Can you accident proof your vacation?
As most of you are aware, I not only work in the travel industry as an agency owner, but I’m also an avid traveler myself. I absolutely love to travel. Travel stretches you, enriches your life, teaches you about other countries, people, and cultures. But we live in an imperfect world where sometimes bad things happen. What do you do when unexpected disaster strikes while on a trip? Who will you call for assistance, a medical care flight out, or to find out what to do since you’re going on your third day without your luggage and the airline doesn’t have any answers for you? First, you call me, your travel professional. Second, you call your travel insurance provider.
Travel insurance. Consumers seem to have a love hate relationship with it. Is it a necessary evil? Is it just a way to try to squeeze more money out of you after you’ve already spent so much on your actual vacation? Or, is it a mandatory prerequisite that no traveler should go without? I strongly believe it is the third option, and let me explain to you why.
Eight years ago, my husband and I took our three lovely children to Uganda for what was meant to be a 10-day trip. The children were ages 5 months, 2, and 7. My husband and I were much younger (and healthier). He was in school at the time working on his Master’s degree and we didn’t have a ton of expendable income. But we bought that travel insurance policy. And we are so thankful we did. You see, accidents happen. That’s why they’re called ACCIDENTS. You can’t foresee them, prepare for them, or avoid them. How were we to know that less than 24 hours after arriving in Uganda my husband’s appendix would decide it was the perfect time to require surgery and removal? Seriously, he had to go all the way to Africa to have an appendectomy. What should have been a simple surgery ended up turning into him having his entire abdomen cut open because of complications. Did I mention we were in Africa? In an open-air hospital where he had got to sleep under a mosquito net? Yeah. Did you know that in many countries hospitals will “hold you hostage” until you pay your bill (preferably in cash with local currency) and not you leave until you do? Truth. So, what was supposed to be a 10-day trip turned into a five week stay requiring complete re-booking of international airfare for the five of us, with my husband in First Class because of his physical state. They almost had a nurse fly with us. And guess how much all that cost our family. Nothing but the price of the policy. But the comfort in knowing that financially it would all be taken care of, and that they had a medical helicopter ready to care flight him to South Africa for emergency care if things went South is truly priceless.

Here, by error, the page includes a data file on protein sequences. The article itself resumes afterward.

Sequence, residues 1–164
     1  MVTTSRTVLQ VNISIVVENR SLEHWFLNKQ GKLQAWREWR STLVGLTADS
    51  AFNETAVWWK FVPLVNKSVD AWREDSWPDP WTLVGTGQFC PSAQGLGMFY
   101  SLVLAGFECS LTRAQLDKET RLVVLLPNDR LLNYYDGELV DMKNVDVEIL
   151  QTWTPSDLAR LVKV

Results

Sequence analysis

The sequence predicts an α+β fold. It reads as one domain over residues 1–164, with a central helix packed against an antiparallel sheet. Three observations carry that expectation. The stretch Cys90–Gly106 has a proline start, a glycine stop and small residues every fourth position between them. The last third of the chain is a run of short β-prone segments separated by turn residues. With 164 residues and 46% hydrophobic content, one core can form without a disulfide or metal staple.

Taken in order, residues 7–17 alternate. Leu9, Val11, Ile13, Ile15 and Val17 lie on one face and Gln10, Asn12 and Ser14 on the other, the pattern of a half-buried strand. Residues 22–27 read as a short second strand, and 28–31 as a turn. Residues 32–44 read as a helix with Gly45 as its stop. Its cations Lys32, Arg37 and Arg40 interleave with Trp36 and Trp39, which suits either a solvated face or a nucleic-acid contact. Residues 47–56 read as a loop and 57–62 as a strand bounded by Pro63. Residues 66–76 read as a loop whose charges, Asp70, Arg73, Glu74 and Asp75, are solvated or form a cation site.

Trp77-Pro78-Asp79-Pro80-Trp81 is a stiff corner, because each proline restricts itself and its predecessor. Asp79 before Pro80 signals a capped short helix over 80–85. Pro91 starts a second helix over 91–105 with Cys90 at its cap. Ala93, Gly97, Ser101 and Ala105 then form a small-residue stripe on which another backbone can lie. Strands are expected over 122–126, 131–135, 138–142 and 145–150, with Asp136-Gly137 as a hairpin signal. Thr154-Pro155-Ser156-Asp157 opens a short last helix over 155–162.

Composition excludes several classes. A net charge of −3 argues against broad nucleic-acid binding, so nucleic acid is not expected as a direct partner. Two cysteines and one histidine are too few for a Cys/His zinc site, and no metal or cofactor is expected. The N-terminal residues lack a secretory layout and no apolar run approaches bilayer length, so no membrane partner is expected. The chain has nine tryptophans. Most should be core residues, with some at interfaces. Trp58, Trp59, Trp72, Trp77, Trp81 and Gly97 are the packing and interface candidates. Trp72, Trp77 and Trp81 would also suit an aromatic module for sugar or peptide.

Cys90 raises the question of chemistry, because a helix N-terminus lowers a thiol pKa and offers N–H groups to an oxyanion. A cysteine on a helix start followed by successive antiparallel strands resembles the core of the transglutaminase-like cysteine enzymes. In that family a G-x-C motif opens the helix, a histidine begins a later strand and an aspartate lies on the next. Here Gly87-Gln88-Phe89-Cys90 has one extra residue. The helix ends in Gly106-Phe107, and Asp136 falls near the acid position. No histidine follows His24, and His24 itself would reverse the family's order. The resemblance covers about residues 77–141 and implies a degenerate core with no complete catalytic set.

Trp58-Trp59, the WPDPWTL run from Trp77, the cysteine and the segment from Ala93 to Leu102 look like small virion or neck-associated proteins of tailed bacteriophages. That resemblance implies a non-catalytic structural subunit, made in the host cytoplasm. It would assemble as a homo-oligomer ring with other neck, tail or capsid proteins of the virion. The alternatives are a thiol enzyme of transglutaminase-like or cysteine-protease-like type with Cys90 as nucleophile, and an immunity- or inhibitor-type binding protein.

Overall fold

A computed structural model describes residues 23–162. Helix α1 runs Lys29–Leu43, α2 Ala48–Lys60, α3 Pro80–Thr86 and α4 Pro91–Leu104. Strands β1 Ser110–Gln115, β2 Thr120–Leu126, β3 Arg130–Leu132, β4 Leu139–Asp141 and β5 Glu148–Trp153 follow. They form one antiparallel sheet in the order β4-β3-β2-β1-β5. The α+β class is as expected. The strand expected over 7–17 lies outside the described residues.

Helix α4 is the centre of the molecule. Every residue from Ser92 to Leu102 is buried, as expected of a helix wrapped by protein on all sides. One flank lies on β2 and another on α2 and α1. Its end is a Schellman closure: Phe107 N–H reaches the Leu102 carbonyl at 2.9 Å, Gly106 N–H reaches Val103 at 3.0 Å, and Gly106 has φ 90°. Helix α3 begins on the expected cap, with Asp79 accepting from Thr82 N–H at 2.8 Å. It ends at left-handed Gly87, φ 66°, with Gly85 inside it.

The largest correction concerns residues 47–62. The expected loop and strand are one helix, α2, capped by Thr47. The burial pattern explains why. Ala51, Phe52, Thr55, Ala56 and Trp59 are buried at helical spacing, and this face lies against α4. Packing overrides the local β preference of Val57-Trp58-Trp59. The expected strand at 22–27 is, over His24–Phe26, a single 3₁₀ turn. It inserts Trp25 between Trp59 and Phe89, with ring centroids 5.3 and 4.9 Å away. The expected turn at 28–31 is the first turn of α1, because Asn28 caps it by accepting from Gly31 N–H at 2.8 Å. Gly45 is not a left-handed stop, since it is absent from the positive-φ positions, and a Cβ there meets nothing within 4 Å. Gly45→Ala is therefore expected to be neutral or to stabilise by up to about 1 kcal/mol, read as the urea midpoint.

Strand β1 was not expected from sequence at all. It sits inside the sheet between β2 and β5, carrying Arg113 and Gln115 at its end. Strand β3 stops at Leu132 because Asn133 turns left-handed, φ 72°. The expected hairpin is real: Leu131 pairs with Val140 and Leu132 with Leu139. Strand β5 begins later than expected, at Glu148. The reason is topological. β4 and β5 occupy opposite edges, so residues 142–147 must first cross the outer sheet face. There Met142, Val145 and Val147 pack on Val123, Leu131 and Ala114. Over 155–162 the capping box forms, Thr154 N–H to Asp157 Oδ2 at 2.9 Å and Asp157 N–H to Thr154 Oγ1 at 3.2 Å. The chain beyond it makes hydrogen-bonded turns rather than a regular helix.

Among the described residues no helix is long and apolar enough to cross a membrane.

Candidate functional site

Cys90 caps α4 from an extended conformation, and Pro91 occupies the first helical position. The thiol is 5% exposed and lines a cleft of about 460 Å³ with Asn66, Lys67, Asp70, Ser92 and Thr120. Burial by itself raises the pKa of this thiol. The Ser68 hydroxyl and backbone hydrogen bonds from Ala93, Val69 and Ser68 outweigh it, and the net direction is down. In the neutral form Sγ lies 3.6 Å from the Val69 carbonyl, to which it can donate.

I recognize this is an extreme example, and many people ask what the chances of that really are. I don’t know. What are the chances? And does it matter? Is it worth saving a few hundred dollars after you’ve more than likely invested thousands in your vacation?
There are many other things that travel insurance covers. It isn’t just medical emergencies (though those can tend to be the most costly and unexpected). Coverage, depending on your carrier and policy, can include trip cancellation, flight delays, and lost and delayed luggage.
Remember I went to France just this past March. I was traveling through the New Aquitaine region and Basque country attending numerous hosted dinners, meetings, and events. I was also totally and utterly without my luggage for 5 of those days. 5 days. No luggage. Work trip. But I was covered. I had purchased the trip insurance. I was able to shop and purchase clothing for each day as needed, and after I got home I submitted my claim and receipts to my insurance company and received a full reimbursement.
As you can see, I am a huge proponent for trip insurance. I strongly encourage each and every one of my clients to purchase a policy. In fact, if they don’t, I have them sign a waiver stating that they were offered the insurance for purchase and opted not to purchase it. Legally, I must protect myself and my business from someone coming back (usually after some sort of issue arises on their trip) and trying to hold me liable. Yes, sadly, it has happened. I cannot control the weather and grounding of your flight, or if a hurricane will change course and head straight for your island resort destination or cruise ship. The insurance waiver form simply puts that responsibility back on you, the traveler and client. You’re big. You can make your own choices. I can advise you and offer my recommendations, but ultimately the choice is yours. So, what will it be? Are you feeling lucky? Gonna roll those dice or play it safe? It really is up to you. I hope you will choose to protect yourself, your loved ones, and your investment. Because remember, life is short.
Stop Dreaming. Start Going.